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While current eco-trends make companies quick to boast about their use of biodegradable glues and materials, Patagonia has been quietly pioneering greener methods for years , oftentimes inventing the new technologies. Their newest innovation is the world's first recyclable nylon jacket, the Shelter Stone, which can be processed through their Common Threads Recycling Program.

Making no compromises, Patagonia engineered the fabric so that the look, feel and performance is like any other traditional three-layer nylon shell. Surprisingly breathable for a waterproof shell, the Shelter Stone has reinforced high impact areas such as the shoulders, arms, sides and waist. Small details, like a helmet-compatible, three-way adjustable hood and coated zippers with garages to prevent from freezing, also make it technically sound. I love the two handwarmer pockets and soft fleece lining placed in especially abrasive areas such as inside the collar and around the chin. Cuff tabs and strategically placed drawcords at the hem ensure a snug fit and keep out the elements.

Unlike their competitors that buy fabric, Patagonia frequently develops them in-house, engineering garments up to their standards and trail-blazing new territories for recyclable clothing. The Shelter Stone is a prime example of their dedication to sport but more importantly the environment. Purchase it this fall at Patagonia for $350. Matching Shelter Stone Pants will also be available for $300.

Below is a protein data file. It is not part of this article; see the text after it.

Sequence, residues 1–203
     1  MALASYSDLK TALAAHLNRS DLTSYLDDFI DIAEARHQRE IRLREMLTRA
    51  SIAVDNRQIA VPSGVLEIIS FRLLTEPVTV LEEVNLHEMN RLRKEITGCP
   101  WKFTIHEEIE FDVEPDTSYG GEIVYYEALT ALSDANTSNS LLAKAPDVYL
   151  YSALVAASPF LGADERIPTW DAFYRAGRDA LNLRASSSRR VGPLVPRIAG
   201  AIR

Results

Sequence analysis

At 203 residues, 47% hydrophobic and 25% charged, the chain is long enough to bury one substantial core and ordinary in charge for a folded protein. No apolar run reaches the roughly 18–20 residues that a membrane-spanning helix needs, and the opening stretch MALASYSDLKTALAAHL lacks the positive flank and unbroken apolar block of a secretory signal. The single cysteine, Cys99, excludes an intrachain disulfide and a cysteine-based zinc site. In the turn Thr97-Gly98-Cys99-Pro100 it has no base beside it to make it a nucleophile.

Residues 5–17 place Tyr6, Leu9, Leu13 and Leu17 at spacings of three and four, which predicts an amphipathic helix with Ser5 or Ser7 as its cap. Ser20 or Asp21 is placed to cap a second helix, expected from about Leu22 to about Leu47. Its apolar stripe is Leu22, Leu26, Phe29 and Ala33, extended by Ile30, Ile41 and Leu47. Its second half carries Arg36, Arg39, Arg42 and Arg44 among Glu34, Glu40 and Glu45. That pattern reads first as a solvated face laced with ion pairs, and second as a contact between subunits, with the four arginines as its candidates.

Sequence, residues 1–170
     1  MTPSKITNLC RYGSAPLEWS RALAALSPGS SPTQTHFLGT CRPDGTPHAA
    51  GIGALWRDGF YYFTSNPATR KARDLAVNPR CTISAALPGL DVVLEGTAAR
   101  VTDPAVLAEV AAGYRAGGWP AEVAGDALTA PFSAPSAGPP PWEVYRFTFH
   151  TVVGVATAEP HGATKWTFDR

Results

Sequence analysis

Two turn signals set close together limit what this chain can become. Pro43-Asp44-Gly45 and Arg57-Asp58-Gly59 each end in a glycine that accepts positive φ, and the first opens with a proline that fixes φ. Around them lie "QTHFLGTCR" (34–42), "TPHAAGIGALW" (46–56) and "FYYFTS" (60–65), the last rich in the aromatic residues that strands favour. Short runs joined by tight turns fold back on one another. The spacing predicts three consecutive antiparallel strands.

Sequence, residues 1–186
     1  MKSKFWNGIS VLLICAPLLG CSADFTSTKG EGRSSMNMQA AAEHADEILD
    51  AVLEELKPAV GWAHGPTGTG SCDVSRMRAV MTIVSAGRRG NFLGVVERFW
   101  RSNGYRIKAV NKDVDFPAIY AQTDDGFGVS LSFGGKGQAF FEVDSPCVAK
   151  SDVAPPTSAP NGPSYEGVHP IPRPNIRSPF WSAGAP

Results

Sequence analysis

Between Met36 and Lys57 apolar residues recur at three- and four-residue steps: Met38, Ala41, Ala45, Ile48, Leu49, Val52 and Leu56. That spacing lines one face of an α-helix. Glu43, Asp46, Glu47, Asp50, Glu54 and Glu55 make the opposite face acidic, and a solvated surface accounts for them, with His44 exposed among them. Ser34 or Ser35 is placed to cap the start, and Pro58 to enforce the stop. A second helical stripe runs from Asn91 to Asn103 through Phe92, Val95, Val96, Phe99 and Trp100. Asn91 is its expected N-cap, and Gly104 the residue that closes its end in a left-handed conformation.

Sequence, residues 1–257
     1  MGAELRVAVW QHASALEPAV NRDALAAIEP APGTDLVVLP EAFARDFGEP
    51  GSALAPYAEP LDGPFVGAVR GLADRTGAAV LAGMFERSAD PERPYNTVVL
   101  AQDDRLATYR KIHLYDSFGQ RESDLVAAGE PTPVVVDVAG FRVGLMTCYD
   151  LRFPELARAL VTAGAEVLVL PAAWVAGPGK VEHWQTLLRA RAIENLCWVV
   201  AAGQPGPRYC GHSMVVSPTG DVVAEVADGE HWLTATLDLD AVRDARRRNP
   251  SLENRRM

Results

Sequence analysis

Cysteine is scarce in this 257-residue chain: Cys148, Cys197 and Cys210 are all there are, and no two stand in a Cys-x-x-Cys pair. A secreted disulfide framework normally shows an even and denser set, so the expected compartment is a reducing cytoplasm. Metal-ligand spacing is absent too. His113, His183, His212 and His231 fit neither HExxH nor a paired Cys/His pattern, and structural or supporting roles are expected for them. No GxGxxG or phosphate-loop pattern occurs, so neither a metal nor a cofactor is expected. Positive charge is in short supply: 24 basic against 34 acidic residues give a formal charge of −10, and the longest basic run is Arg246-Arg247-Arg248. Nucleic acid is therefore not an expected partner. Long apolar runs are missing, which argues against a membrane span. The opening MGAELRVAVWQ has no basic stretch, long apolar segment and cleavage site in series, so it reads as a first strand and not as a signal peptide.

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I spoke with Star Heorauf, Patagonia designer of the Shelter Stone, to get her thoughts on the jacket.

What is one thing you require all coats have as a designer?
Most important things are fit and good pocket placement—hood fit in particular. I also design to avoid four seam intersections. I focus a lot of attention to contact points with the body too, for example inside collar details.

What purpose did you have in mind when designing this coat?
The jacket is intended for all-around mountain activities. Highly durable and mid weight, this jacket is intended for working in a mountain environment—whether it be slogging on the glacier roped in with a pack or guiding.

Any specific inspiration you followed when designing it?
The jacket is a balance of form and function. Fabric reinforcements and pocket openings are strategically placed for use with a pack. The inspiration for this design came from being roped in, traversing a glacier on a lovely sunny August afternoon—which within minutes turned into driving frozen rain and hail.

We're there any design compensations you had to make for this type of recyclable nylon?
No, the recyclable Nylon performs as well as its non-recyclable counterpart.

And the trim, is that recyclable too? What was used?
By trim, I assume you mean zippers, cord locks, etc. We don't source anything special for the trim package because, frankly, there isn't really much available at this point. That said, we've been working really hard on sourcing an eco-friendlier trim package, which we're hoping to include in future lines. The reality is the more people that jump on board, the greater the demand will be, which will increase availability and reduce cost.

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